Debbie Silver, Nedra Robinson, Tamera Musiowsky, John Seborowski, Bryan Christopher, Becca Leech, Kelly Wickham Hurst, and Diane Mora contribute their ideas on positive relationships between teachers and students.

* ‘Building Relationships With Students Is the Most Important Thing a Teacher Can Do’

Timothy Hilton, Valerie Ruckes, David Bosso, Jenny Edwards, Pamela Broussard, Kara Pranikoff, Patty McGee, and Jonathan Eckert share their thoughts on the importance of building relationships with students—and how to do it.

* Why It’s Important to Build Positive Relationships With Students

Part One in a seven-part series on building positive relationships with students is kicked off with responses from Adeyemi Stembridge, Candace Hines, Jacki Glasper, Mary Beth Nicklaus, Valentina Gonzalez, and Julie Jee.

* Manage Classrooms Through ‘Positive Relationships’

Karen Baptiste, Gianna Cassetta, Harry Wong, Rosemary Wong, and Julia Thompson share their classroom-management recommendations.

* ‘Care Is the Catalyst for Learning’

Sean McComb, P.J. Caposey, Cindi Rigsbee, A. William Place, Jennifer Fredricks, and several readers share their thoughts on the role of “care” in the age of standards.

* ‘There’s Nothing More Innovative Than Care’

Educators Andre Perry, Sara Ahmed, Kristine Mraz, Sean Slade, and Mai Xi Lee provide responses to the question: “How does caring relate to our current focus on standards in education?”

* Many Ways to Help Our Students Grieve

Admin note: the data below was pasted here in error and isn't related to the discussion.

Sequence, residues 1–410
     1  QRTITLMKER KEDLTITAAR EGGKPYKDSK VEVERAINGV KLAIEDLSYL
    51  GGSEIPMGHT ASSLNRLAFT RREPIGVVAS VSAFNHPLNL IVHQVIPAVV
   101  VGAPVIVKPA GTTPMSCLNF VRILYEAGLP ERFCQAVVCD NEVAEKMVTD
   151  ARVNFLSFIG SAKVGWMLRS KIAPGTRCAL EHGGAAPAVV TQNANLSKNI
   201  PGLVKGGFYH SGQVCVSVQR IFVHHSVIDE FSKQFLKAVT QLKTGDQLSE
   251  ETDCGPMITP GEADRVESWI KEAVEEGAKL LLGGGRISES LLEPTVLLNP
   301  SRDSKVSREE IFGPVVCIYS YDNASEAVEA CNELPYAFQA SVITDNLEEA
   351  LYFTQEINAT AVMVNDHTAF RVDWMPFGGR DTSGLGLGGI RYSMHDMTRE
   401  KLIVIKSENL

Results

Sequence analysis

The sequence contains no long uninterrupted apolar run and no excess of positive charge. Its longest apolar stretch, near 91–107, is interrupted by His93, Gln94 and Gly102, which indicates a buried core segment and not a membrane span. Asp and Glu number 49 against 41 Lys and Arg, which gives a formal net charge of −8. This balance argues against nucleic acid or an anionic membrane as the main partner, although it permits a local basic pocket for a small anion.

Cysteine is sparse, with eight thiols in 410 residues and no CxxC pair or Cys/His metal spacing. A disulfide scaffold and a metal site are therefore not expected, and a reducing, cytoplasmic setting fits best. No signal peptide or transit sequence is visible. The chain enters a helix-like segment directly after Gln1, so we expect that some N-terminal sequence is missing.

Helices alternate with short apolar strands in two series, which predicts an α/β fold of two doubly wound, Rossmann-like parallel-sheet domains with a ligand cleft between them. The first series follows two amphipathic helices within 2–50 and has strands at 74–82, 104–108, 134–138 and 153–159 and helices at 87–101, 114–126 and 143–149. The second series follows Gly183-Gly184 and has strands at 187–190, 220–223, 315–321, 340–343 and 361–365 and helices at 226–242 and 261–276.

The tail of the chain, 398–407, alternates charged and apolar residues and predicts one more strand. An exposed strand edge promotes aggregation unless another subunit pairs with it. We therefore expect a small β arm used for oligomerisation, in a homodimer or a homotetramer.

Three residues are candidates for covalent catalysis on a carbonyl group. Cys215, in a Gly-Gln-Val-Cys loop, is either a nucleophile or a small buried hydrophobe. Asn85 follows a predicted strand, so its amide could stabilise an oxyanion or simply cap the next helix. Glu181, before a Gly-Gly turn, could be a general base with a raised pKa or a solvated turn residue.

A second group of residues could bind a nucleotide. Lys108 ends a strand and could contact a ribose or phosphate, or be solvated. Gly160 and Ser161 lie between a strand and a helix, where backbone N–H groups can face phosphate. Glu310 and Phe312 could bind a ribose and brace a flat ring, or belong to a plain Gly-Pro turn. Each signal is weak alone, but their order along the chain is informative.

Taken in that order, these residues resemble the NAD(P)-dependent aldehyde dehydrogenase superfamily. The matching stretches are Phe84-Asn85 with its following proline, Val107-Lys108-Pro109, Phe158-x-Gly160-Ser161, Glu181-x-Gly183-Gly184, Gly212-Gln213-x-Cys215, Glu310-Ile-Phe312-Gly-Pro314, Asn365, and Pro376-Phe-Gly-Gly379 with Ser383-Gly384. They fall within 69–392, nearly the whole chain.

Several exceptional educators have contributed to this column, including Mary Tedrow, Stephen Lazar, Larry Swartz, Dr. Sherrel Bergmann, and Dr. Judith Brough. In addition, I’ve included responses from readers.

* Great Teachers Focus on Connections & Relationships

Eric Jensen, Jason Flom, and PJ Caposey provide guest responses.

* A Teacher-Counselor Partnership Is ‘Essential’ for Student Success

This post includes responses from Julie Hartline, the 2009 National Counselor of the Year; and educator/authors Trish Hatch, Dr. Sherrel Bergmann, and Dr. Judith Brough. In addition, I’ve included comments from readers.

* Ways to Develop a Teacher-School Counselor Partnership

This column features suggestions from three exceptional educators on how to solidify the teacher/counselor partnership: Dean Vogel, counselor, teacher, and president of the California Teachers Association (I am a proud member of CTA); Leticia Gallardo, who works at the school where I teach and who is the most amazing counselor I’ve ever seen; and Mindy Willard, the 2013 National Counselor of the Year.

* Several Ways Teachers Can Create a Supportive Environment for Each Other

Author/educators Bill Ferriter and Parry Graham provide guest responses to this tricky question.

* Can Teachers Be Friends With Students Using Social Media?

Educators Bud Hunt and Ernie Rambo take on an issue that always seems to be in the news.

* Part Two—Can Teachers Be Friends With Students?

Jose Vilson and I give our observations on the topic.

* Can Teachers Be Friends With Students?—Part One

Well-known author-educator Rick Wormeli contributes his thoughts.